It's harvest season in northern Michigan--and almost everywhere else in the Great Lakes state. Lately, that includes some newcomers to the specialty brew scene--hard ciders.
Calling all Michigan wine-lovers--especially those with fruity palates. Harvest time is upon us and your favorite flavors are nearly ready to be poured.
And it's time to break into your happy dance, hard cider fans. There are more flavors and brands to be had in the area, no matter where they're produced, including flavors for nearly everyone's personal tastes.
More and more brands are being created and are more accessible than ever due to skyrocketing demand. It's not hard to tell with a look at any grocery store shelf.
wildly popular Crisp Apple hard cider, for example, hails from Cleveland. But Michiganders have no trouble getting their hands on it at markets, party stores, gas stations, eateries and bars in dozens of locations. It's abundant for the tasting just about everywhere.
Like many hard ciders, Angry Orchard's Crisp Apple is naturally gluten-free. There are a few exclusions, so always check labels before imbibing.
Green apple and apple ginger are among the hard cider flavors Angry Orchard cranks out for massive distribution. Redd's Apple Ale
is another new fall favorite to be found in several varieties on shelves everywhere, brewed by Miller, and a little closer to beer than cider.
There are entries into the popular hard cider category closer to home, too.
Tandem Ciders in northwest Michigan near Traverse City is growing its own apples and making artisanal ciders from them. Among their varieties are cherry cider, apple brandy cider and several specialty blends, even one using crabapples--the Crabster. Favorites are the Smackintosh hard cider and the Ida Gold, and there are even handcrafted ginger and apple sodas on offer.
Owners Nikki Rothwell and Dan Young pattern their tasting room after the homey English pubs that first introduced the pair to cider, but there's a distinctly northern Michigan vibe about the place, which welcomes tourists and locals alike.
"As apples come in all different shapes, size, and flavors, Tandem Ciders hopes to capture and bottle all the mystery, splendor, and diversity of the apple in our ciders. Our ciders will also reflect character of the land where the apples are grown," they write on Tandem's website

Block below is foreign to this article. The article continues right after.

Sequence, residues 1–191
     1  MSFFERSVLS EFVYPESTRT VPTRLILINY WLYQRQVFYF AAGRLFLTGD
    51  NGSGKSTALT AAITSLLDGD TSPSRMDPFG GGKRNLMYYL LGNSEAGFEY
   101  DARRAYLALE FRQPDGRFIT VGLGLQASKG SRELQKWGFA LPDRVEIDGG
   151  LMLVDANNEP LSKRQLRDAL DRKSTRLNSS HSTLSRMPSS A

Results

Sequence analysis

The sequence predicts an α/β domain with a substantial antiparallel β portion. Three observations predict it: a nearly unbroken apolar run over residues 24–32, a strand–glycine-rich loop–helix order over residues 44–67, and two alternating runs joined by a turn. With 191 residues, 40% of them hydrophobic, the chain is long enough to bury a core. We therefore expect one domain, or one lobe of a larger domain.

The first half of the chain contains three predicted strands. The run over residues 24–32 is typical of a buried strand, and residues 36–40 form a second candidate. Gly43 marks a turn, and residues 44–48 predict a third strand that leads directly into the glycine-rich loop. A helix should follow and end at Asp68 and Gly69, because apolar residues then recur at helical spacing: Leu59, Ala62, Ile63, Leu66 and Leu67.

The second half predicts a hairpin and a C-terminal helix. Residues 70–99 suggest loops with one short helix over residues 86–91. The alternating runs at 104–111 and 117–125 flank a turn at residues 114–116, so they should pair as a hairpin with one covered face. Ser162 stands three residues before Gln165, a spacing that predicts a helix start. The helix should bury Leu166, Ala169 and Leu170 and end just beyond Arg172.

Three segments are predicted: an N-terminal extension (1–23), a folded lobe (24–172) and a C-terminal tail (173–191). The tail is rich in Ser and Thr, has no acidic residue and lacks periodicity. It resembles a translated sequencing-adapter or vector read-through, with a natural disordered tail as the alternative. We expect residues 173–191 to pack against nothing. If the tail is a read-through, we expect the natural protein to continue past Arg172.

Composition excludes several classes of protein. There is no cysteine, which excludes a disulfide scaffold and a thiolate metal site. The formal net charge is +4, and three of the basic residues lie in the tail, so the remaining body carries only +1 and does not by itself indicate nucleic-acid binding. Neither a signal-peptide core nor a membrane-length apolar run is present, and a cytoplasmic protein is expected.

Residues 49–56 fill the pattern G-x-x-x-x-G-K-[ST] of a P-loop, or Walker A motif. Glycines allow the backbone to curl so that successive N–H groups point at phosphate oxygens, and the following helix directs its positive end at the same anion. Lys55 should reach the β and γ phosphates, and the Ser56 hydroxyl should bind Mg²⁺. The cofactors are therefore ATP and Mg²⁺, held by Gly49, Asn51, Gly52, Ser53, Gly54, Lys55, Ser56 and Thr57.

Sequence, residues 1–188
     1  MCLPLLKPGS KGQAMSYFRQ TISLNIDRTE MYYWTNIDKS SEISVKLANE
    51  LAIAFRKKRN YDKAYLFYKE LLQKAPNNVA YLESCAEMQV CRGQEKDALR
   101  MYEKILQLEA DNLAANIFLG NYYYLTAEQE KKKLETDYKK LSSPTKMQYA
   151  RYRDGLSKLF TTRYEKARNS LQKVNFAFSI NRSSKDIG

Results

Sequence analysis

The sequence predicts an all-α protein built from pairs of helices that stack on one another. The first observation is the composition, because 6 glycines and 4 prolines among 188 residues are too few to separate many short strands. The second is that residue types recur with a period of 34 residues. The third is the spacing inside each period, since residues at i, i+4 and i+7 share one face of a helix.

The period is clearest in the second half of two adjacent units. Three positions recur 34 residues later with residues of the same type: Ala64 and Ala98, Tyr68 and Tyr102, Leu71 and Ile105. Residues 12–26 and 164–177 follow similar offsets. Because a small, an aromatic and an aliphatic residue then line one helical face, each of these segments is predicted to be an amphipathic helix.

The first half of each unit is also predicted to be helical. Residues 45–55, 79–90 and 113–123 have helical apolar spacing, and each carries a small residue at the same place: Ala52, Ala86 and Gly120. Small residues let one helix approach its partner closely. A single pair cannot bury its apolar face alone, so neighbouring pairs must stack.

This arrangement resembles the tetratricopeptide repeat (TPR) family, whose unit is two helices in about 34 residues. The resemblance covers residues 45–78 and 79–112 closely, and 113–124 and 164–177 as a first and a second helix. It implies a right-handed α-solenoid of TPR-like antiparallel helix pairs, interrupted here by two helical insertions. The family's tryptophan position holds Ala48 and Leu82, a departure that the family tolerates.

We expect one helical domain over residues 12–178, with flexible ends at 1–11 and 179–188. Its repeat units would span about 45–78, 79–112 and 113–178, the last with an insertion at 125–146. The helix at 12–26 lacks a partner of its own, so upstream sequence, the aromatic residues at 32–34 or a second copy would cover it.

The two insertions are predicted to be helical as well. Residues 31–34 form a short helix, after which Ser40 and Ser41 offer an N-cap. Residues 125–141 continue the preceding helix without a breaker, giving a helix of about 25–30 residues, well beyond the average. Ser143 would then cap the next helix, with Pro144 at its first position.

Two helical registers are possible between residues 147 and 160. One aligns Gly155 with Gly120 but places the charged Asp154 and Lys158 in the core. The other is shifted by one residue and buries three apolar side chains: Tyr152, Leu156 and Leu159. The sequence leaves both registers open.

Or, if you'd like to try a Michigan cider from a little further afield, JK's Scrumpy
is a fast-expanding local brand "grown, crushed, fermented and bottled" at Almar Orchards in Flushing in Genesee County. Scrumpy's offers three distinct hard ciders in the bottle, two of which are organic. It's distributed at specialty retailers in 36 states including Michigan.
is owned by Jim and Karen Koan, and Jim describes their approach on the JK's Scrumpy website.
"I strive to make the best cider possible using these old methods and the traditional family recipe. There will be slight variations from bottle to bottle and year to year. This is a natural product. The bottom line is that it could not be made anyplace else. It is reliant on the soil," he says.
If you're not sure what the difference is between hard cider and wine, here's the rundown. Hard cider, as defined at Dictionary.com, is "the juice pressed from apples (or formerly from some other fruit) used for drinking, either before fermentation (sweet cider) or after fermentation (hard cider) or for making applejack, vinegar, etc."
Wine, however, is "the fermented juice of grapes, made in many varieties, such as red, white, sweet, dry, still, and sparkling, for use as a beverage, in cooking, in religious rites, etc., and usually having an alcoholic content of 14 percent or less."
Speaking of wines, don't forget the fruit wines this winter--something the Traverse City-area vintners do very well. For instance, the Peach Crémant from 45 North in Leelanau
walked away with the double gold best in class award in the fruit portion of the 2014 Michigan Wine Competition according to Michigan Wines
. Apple, cherry, blackberry, currant and even more exotic varieties are on offer from area wineries.
The widespread demand for hard cider isn't simply a Michigan phenomenon. David Trone, who co-owns and presides over the national retail chain Total Wine & More, says sales have tripled in his 107 stores in 16 states.
"Cider has expanded its role from a holiday-driven product to a year-round drink," he says. "It seems to be bridging the gap between beer and non-beer drinkers. We also see wine drinkers adding cider to their baskets as well."
Sweet hard ciders and award-winning fruity wines--some created here and others available here--await.
Give 'em a try.
Kelle Barr is a Michigan-based freelance reporter who can be reached at Kellebarr@gmail.com or on Twitter at @BarrKelle